Imagine a town in a reasonably sophisticated culture – but with little contact with the outside world, and let’s imagine that they’ve never heard of a horse, or seen one. A horse is just not part of their worldview. If a traveller *leads* a horse through the town, what do people see? A tall, shiny dog? A weird cow? A ‘monster’? An extraterrestrial?
What happens if the traveller comes through town on *horseback*? Do people see a centaur? This is a model that I’m inclined to use when considering the subject of UFOs. For instance, if someone sees a string of lights moving through the night sky, does it mean that it’s a craft with lighted portholes, or could it be some kind of natural phenomenon? Haven’t the aliens heard of curtains?
I suspect a likeness between some religions and the need to interpret inexplicable events as the work of beings of higher intelligence from outer space. [See ‘ET Links to Christianity‘ by Brian Boldman. For most people, the idea that there are aliens watching us is a far more attractive proposal than a more ‘natural’ explanation.
I prefer to consider more earthly prospects, for instance, The Tectonic Strain Theory by Michael A. Persinger, which argues that electromagnetic effects upon the brain and environment can cause anomalous phenomena, such as UFOs, or perhaps other paranormal experiences, such as religious fervour or ghost sightings. Not conclusive, but it seems to make a lot more sense than the ETH.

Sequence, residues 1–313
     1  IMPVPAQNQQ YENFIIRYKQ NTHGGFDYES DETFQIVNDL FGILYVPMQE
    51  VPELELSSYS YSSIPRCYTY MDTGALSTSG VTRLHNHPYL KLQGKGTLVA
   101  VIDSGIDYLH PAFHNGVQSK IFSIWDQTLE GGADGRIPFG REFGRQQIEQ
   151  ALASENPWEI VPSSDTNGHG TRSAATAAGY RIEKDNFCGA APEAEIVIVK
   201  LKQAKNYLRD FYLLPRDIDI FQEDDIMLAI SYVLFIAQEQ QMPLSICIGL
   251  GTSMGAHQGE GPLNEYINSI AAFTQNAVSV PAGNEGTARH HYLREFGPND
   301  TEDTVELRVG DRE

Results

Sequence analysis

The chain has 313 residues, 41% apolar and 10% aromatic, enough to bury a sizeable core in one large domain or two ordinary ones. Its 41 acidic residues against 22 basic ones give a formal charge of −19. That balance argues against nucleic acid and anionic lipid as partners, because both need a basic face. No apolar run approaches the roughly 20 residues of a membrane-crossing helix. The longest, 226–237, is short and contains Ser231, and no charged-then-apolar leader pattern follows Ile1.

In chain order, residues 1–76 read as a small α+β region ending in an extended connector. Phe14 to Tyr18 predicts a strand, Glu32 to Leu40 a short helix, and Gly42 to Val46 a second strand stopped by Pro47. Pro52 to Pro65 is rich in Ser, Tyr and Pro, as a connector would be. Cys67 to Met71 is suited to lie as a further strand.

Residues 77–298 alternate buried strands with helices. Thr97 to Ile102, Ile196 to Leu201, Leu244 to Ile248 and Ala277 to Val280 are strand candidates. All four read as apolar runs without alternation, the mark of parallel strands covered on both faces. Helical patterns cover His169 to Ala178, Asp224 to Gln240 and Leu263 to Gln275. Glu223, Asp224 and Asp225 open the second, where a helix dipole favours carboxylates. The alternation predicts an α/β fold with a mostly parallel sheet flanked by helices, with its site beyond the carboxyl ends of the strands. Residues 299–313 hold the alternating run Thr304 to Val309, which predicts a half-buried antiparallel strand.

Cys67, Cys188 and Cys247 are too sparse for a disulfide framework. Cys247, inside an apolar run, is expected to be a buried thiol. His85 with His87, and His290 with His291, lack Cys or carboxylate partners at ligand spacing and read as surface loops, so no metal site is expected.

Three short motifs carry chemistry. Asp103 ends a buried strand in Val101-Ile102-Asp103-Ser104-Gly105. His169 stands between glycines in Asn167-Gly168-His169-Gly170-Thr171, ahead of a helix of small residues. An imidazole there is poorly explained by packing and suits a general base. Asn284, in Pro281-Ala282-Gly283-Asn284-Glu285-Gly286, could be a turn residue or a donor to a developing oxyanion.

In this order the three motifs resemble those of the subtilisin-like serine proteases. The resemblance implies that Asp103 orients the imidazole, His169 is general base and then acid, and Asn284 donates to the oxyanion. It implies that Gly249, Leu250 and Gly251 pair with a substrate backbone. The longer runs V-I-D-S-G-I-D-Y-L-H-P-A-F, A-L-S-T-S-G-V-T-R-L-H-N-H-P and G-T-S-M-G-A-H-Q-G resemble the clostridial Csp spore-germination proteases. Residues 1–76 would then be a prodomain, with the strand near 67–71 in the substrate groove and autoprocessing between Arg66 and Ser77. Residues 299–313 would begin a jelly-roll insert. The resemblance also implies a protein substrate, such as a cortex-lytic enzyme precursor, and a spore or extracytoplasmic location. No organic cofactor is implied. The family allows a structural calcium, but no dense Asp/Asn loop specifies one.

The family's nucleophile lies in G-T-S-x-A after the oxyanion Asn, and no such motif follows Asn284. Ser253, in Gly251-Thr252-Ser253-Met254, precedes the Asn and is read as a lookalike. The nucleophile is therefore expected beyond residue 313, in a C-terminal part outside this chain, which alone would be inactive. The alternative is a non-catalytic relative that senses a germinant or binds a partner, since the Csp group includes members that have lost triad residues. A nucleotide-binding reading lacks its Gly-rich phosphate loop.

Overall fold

Another important source is Paul Devereux’s excellent book ‘Earthlight Revelations: Ufo’s and Mystery Lightform Phenomena’ (ISBN: 0713722096). Paul points out that ‘people usually report observing unusual light phenomena, near fault lines, power lines, transmitter towers, mountain peaks, isolated buildings, road and railways lines, and bodies of water. In many instances these lights seem to emerge from the ground and either swiftly dissolve or hover, sometimes touching down to the ground again and then rising several thousand feet in the air. They have also been seen during daylight hours and appear metallic.’